Sir David Tweedie is on a quest. The 59-year-old chairman of the International Accounting Standards Board (IASB) is overseeing the development of a single set of international accounting standards for the European Union (EU) by March and intends to converge those standards with U.S. rules.
Can it be done that quickly? It must be, according to Sir David. The engine of capital formation and investment has been stalled long enough by the anachronism of 26 separate European accounting methods, with another in America. Developing a single international system is “not about arcane bookkeeping matters,” says the former head of the UK’s accounting standards board. “It’s really about something much bigger.” Indeed, what the IASB is really targeting when it designs an accounting system for the world “is inward investment, growth, employment, and world trade,” he says.
The accounting scandals infecting both the New and Old Worlds give convergence more urgency. While Sir David won’t blame the Enron and Parmalat fiascos on an absence of international standards, he believes that some frauds would be much harder to pull off. Having a set of standards based on principles, rather than mere rules, might dissuade executives from simply “checking the boxes and not looking at the whole picture.”
Sir David’s quest, however, has not been uniformly well received. There’s been much displeasure among European banks and the French government over the new rules for financial instruments. And the implications for expensing stock options have already met opposition in the States. Meanwhile, critics everywhere charge that without a European enforcement agency on the scale of the U.S. Securities and Exchange Commission, the rules will lack teeth. Sir David says that a plan to address enforcement is in the works.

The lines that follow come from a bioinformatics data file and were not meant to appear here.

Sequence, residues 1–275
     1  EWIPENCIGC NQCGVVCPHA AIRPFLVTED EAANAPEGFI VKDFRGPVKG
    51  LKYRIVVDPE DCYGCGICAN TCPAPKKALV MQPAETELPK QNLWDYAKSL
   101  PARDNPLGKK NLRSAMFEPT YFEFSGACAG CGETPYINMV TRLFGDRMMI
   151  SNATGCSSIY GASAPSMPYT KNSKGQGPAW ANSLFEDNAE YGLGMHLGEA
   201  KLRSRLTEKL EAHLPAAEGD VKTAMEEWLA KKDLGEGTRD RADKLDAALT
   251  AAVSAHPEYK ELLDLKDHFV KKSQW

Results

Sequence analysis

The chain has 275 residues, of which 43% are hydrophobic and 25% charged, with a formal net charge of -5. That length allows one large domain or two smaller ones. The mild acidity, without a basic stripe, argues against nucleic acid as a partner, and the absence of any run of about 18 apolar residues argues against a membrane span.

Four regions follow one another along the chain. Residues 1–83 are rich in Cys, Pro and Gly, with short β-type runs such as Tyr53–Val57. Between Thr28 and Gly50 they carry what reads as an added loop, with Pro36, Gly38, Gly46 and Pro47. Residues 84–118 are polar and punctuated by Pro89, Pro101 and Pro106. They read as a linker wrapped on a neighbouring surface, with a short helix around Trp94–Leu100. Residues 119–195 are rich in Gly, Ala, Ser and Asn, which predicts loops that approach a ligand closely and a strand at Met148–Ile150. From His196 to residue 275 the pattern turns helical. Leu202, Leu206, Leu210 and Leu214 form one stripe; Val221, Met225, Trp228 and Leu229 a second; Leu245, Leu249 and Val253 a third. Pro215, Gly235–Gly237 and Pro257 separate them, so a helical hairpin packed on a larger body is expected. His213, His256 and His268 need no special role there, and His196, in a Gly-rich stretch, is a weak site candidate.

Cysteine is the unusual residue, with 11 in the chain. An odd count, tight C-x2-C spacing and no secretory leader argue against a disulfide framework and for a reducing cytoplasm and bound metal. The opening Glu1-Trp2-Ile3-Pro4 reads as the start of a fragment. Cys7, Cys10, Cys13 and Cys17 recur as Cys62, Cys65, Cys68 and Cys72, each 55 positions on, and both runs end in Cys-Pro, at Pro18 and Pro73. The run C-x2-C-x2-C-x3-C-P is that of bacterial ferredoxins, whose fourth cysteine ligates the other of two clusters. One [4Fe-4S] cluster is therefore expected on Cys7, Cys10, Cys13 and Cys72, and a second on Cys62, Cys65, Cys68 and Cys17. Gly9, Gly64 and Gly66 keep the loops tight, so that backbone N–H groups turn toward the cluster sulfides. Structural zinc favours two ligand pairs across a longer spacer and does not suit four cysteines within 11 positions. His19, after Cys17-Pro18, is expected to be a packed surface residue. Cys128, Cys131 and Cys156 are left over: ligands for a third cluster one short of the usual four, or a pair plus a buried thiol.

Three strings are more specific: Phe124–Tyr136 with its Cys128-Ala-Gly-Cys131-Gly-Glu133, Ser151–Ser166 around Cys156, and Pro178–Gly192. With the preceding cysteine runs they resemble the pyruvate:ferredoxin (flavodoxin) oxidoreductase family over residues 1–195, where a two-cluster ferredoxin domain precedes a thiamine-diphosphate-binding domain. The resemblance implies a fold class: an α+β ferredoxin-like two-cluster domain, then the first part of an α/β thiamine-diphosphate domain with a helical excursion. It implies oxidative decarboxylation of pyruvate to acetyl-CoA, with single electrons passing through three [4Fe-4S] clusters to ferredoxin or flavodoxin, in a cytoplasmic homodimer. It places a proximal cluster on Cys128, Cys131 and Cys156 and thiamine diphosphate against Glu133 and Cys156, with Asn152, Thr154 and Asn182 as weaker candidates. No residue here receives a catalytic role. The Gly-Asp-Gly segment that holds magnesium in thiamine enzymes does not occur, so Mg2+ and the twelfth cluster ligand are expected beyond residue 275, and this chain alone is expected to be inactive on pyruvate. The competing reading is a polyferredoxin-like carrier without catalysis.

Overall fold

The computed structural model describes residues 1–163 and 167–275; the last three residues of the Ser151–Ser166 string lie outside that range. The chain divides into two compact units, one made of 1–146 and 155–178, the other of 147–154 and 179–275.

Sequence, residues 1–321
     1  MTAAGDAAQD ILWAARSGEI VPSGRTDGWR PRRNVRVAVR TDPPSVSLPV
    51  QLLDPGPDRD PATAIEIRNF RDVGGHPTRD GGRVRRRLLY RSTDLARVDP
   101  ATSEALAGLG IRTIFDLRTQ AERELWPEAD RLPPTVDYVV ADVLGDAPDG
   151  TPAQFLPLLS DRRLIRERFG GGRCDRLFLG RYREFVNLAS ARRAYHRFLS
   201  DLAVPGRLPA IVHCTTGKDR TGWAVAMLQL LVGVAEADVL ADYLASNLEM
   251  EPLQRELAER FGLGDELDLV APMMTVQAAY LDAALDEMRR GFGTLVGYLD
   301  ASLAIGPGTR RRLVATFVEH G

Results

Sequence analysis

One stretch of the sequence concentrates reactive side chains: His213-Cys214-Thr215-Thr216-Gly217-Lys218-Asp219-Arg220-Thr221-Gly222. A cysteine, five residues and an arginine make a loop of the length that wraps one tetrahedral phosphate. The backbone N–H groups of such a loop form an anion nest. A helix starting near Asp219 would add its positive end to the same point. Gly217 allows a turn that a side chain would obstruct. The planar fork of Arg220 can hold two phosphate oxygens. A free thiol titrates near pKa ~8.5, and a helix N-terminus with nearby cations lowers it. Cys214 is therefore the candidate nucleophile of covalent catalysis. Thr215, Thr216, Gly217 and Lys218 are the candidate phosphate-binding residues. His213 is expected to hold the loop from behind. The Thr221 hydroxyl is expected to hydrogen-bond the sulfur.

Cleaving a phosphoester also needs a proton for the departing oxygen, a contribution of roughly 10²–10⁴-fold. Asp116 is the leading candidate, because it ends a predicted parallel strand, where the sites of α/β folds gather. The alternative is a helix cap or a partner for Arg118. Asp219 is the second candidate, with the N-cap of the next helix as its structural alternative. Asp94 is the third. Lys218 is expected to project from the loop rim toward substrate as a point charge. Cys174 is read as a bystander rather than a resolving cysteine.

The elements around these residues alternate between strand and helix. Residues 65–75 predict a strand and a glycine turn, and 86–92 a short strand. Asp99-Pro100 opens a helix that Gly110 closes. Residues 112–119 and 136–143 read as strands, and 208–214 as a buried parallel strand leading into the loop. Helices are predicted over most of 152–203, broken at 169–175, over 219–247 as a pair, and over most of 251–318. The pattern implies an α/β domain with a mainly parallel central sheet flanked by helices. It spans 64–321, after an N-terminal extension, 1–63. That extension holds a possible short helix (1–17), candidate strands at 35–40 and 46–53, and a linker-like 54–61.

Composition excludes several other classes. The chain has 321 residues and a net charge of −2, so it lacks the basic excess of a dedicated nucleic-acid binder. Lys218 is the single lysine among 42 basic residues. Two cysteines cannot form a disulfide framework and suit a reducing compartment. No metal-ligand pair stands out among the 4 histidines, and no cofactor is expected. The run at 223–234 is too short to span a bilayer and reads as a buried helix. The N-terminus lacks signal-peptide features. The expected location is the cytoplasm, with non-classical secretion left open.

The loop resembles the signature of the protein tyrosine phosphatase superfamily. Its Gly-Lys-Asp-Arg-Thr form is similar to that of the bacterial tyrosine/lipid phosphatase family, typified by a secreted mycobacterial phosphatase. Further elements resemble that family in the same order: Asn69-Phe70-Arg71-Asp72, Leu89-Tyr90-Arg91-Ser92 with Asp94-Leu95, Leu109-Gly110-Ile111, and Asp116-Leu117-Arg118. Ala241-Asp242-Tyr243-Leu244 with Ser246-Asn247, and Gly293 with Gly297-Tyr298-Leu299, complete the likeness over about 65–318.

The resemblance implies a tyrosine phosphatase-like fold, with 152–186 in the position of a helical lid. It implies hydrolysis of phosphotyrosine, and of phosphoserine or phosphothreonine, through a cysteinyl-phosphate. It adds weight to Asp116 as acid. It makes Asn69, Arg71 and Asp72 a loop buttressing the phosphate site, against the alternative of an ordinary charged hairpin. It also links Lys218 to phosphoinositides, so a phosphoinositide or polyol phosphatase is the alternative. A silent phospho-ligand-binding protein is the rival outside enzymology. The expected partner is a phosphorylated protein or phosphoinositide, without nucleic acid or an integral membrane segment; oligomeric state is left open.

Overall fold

He firmly believes that now is the time for international standards. In January, during a break at an IASB meeting in London, he sat down with CFO deputy editor Lori Calabro and CFO Asia editor Tom Leander to discuss the board’s hopes and his vision of a “three-legged-stool” arrangement—rules combined with good corporate governnace and auditing standards—for deterring abuses.
The IASB promised a workable set of standards by March, and the European Commission mandated that all European companies switch to international standards by 2005. How has the process evolved?
When we started in the summer of 2001, we inherited 34 standards from our predecessor body [the International Accounting Standards Committee]. Now, of those inherited standards, 30 had been an attempt to get together with the International Organization of Securities Commissions [IOSCO] to produce standards of appropriate quality, so that users could list on any stock exchange worldwide. But 14 of the standards were heavily criticized. Then, only about a month or two after we began, the EU announced this 2005 deadline. So we had a choice. We knew we had to fix these [inherited] standards, if international standards were going to be acceptable to New York and the SEC. But we also had the 2005 deadline. So should we just gradually change them, meaning that anyone coming on board would have to change twice in a matter of a year or two? Or should we have a real blitz on these standards, and really change them? That’s what we did. We ended up publishing in November, and we actually changed 17 of the 34—pretty fast for a standard setter in two and a half years.